[Birth'd life on Mars with the tears I shed over this dramageddon]Heart ripped from chest.Died from emo grief/DA THE FACK YOU WUNT Ya HASSHAUL?>how Boston is that?|Gyllenhaal? O S C A R!Richardson?>Johnnie Walker Award|MASLANY?Pantheon of KO performances: sucks the O2 in every scene she's in, often outshining Gyllenhaal (think Clift in "From Here to Eternity"+De Havilland in "The Heiress")>force to be reckoned with❤▽
A strong character arc biopic that explores the flawed humanity amongst victims of terror. Solid acting and functional storytelling which ticks the genre's boxes. My one quibble: it perpetuates the 'one US life to many foreign lives ratio of importance' once more.
Amazing performances from both Tatiana Maslany and Jake Gyllenhaal, but the film is just wrong.
He goes from not wanting to be a hero, since he clearly isn't, to somehow "grow" as a character and realize how important was getting invited at baseball matches to wave a flag, ending up in a pile of hypocritical, banal, patriotic and almost ridiculous American clichés
If Clint Eastwood has left any heritage to American Cinema (and he has), it's the complicated relationship this country now has with the concept of heroism that even today's new heroes don't believe in. Although the program becomes too heavy in the final act, Green makes an honest, heartfelt case for their importance, and the human link between Gyllenhaal and Maslany, the true centrepiece of the film.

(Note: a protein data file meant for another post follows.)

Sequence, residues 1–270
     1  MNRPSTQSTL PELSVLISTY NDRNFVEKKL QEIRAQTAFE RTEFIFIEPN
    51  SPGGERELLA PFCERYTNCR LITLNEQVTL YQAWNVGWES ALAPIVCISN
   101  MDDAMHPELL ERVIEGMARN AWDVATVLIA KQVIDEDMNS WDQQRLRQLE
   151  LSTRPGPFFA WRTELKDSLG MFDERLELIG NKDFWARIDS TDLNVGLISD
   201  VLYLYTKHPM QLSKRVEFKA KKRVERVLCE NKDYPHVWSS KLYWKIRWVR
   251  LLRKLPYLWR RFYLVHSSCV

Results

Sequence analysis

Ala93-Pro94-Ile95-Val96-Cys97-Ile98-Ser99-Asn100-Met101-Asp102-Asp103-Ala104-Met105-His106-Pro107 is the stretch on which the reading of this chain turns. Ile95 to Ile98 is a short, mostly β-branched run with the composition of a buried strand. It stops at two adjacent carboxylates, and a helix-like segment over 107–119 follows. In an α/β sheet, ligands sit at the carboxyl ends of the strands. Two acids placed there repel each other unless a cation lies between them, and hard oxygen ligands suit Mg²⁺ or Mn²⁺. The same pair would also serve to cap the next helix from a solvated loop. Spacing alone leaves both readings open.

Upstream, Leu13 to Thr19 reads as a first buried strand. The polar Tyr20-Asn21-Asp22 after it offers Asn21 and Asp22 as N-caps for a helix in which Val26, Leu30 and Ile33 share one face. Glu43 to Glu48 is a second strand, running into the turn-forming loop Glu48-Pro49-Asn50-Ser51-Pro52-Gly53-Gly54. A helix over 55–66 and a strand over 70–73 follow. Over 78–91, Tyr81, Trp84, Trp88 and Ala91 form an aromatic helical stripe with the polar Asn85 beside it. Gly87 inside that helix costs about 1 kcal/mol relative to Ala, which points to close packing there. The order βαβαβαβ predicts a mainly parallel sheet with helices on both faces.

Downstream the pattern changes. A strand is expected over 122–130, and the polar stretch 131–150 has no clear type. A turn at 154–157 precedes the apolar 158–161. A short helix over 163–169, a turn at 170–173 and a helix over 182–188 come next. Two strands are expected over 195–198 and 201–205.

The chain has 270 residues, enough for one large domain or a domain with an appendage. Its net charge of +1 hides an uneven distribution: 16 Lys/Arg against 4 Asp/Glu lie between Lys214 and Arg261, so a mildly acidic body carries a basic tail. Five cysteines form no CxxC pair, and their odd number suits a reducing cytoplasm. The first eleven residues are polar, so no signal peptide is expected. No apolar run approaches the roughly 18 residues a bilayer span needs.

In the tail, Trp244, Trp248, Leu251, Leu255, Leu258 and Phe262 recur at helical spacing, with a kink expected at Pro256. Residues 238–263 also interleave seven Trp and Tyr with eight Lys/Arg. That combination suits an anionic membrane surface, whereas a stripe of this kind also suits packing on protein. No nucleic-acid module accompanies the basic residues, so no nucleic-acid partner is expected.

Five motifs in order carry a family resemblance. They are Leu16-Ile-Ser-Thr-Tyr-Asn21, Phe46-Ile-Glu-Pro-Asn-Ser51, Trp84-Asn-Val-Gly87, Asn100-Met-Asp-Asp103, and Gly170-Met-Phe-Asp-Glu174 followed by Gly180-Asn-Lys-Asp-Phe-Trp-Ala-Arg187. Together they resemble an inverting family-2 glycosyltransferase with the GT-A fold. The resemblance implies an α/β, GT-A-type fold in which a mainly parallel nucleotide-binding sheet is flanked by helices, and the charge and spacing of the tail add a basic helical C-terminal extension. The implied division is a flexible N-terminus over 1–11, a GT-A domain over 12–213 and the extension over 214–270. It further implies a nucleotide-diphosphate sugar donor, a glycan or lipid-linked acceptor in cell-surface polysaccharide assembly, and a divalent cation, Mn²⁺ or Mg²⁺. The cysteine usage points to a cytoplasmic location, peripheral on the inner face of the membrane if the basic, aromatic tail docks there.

Beyond a mere chronicling of a major, traumatic event, this film focuses on the universally-overlooked aspect of such a trauma - that it is ordinary, imperfect people having it inflicted on them, being thrust in the spotlight at such a vulnerable time. I cared for the characters deeply and immediately so major props to the splendid cast.
Outside of central tragedy, there's not much story to tell. This could work as a mockumentary just as it did as a feature film. One of its highlights is the absence of cheap sentimentality and emotional manipulation - but overall, it's forgettable piece of cinema where every actor gives his or hers best but falls into movie's overall mediocrity.
At times this plays like a caustic refutation of the inspirational biopic; elongating the nauseating physical pain of recovery and highlighting the emotional trauma of people treating your suffering like a novelty, but ultimately it falls prey to the facile underpinnings of the genre.
Worth it for the bandage changing scene, indeed one of the years most effecting moments.